Tiny House Nation. Tiny House Builders. Tiny House Hunters. Those are just a few of the shows depicting the recent trend of tiny homebuilding. There is a lot of wisdom behind the idea of simplifying you're life and purging of the extra 'needs'. As I mentioned in a past post (Yes, Your House is Too Big), we, as a culture, have become accustomed to extravagance and excess. Economic and social hardships have led many people to reconsider the 'American Dream' and explore an alternative lifestyle. For some, that alternative lifestyle is minimalism. The Tiny house movement and minimalism go hand in hand, as at the center of both is the desire to eliminate excess and unnecessary items and space, clearing up their life to be able to live a more fulfilling, meaningful, and less distraction filled life. Those are aspirations that we should all have. Which is why I admire those going that direction.
My mother is a dietician and has often said the phrase, "anything, in moderation." She has generally been referring to food, but there is a lot of wisdom in those three words that could well be applied to the rest of our lives as well. People seem to enjoy extremes (and I, as a general rule, cannot say that I am exempt from that), so it is not all that surprising that Tiny Houses have gotten a lot of coverage on TV shows, magazines, and blogs. But are Tiny houses the answer to our problems? What if you are a family of six (my wife and I have four kiddos)? We could all fit in a 170 square foot house on wheels, but have you ever spent a 3 degree day in the Midwest with a 6 month old, a 1 year old, a 3 year old, and a 6 year old inside? It would be difficult to build a trailer that could contain the energy! What about 300 SF? Technically, yes, you could survive in a home that small with a family of 4 kids, but I'm not talking about survival only. We could survive in tents. If you really want to get to the bare minimum then you live in a tent and forego a permanent structure all together (illegally, of course). The extremes are where we get ourselves in trouble. We could all stand to do some purging, but when we latch on to the extremes we separate the camps too significantly. What about going down to 1,500 square feet instead of the 3,000 square foot house? That's a significant change and it's likely to be appealing for more people than moving into a 180 square foot trailer. Big change is good (and necessary), but we may be missing an opportunity to provide an even greater impact by providing a middle ground and reaching more of the masses with the wisdom behind the mantra of moderation.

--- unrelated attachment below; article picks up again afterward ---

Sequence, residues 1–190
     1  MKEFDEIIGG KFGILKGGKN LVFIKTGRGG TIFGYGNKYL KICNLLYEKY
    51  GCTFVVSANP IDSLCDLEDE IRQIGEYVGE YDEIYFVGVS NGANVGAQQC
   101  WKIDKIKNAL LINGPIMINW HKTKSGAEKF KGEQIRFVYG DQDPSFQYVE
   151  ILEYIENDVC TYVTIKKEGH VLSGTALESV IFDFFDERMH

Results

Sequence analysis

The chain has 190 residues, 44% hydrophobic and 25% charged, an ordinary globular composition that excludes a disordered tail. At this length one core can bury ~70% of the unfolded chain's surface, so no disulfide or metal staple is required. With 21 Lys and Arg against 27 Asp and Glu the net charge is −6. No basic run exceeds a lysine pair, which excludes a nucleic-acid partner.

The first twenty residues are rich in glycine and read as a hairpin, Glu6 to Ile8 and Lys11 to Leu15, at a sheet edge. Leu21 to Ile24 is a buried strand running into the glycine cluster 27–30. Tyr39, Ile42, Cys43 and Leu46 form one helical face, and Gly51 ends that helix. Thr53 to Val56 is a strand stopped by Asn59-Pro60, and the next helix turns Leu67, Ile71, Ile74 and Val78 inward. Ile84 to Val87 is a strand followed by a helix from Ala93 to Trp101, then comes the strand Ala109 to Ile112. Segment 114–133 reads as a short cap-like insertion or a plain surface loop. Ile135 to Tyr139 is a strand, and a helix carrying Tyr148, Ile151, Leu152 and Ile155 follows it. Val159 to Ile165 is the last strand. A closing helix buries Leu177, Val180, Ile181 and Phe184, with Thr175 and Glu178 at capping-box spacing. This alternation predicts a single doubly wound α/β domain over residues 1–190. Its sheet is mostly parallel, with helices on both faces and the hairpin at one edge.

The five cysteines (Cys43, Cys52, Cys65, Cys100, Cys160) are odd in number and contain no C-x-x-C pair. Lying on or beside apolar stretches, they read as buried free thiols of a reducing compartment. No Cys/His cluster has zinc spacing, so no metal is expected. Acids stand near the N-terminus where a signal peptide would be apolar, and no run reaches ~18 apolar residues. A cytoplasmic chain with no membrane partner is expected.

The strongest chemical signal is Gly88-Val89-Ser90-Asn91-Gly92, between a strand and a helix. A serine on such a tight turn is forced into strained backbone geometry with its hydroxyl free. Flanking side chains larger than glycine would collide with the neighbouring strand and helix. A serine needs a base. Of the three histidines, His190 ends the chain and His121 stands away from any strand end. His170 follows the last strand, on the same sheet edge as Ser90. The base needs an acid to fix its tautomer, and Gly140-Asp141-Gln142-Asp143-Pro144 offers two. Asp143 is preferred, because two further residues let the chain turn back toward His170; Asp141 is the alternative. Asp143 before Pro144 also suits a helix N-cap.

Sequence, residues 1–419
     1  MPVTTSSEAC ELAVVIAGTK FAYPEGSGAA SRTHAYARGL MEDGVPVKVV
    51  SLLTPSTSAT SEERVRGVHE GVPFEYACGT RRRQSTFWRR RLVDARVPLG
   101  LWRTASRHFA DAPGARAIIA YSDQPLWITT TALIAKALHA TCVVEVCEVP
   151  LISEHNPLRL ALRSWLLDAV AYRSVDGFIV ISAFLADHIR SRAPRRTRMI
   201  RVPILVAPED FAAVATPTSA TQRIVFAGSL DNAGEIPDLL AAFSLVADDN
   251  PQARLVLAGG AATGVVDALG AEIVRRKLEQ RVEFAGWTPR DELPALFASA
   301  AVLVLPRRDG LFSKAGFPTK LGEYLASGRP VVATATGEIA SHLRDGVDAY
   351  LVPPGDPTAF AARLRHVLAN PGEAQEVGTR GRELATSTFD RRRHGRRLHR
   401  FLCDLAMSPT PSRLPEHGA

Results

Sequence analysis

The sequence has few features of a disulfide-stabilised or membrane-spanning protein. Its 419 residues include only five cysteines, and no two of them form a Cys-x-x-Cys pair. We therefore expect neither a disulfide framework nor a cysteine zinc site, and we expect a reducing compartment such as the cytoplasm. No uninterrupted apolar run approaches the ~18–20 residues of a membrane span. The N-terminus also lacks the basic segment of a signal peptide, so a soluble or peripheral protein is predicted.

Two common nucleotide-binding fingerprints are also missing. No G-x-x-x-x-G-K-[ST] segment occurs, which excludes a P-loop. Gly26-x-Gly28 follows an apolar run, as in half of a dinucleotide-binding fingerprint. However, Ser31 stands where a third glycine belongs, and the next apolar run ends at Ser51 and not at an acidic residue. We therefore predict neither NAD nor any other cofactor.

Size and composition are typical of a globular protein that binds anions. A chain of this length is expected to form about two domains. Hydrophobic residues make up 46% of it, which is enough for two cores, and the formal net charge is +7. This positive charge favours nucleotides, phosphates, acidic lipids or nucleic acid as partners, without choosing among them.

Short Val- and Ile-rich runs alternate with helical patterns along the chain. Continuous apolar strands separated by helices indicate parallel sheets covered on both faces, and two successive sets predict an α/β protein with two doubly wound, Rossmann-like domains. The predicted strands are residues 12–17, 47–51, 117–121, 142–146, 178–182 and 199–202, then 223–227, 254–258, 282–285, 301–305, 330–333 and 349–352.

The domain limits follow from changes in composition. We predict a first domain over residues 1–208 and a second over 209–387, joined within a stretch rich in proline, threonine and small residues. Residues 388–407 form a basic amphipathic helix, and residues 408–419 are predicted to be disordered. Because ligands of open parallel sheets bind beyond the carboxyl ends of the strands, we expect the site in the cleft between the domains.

Have thoughts on living with less? I'd love to hear from you! Comment below or shoot me an email.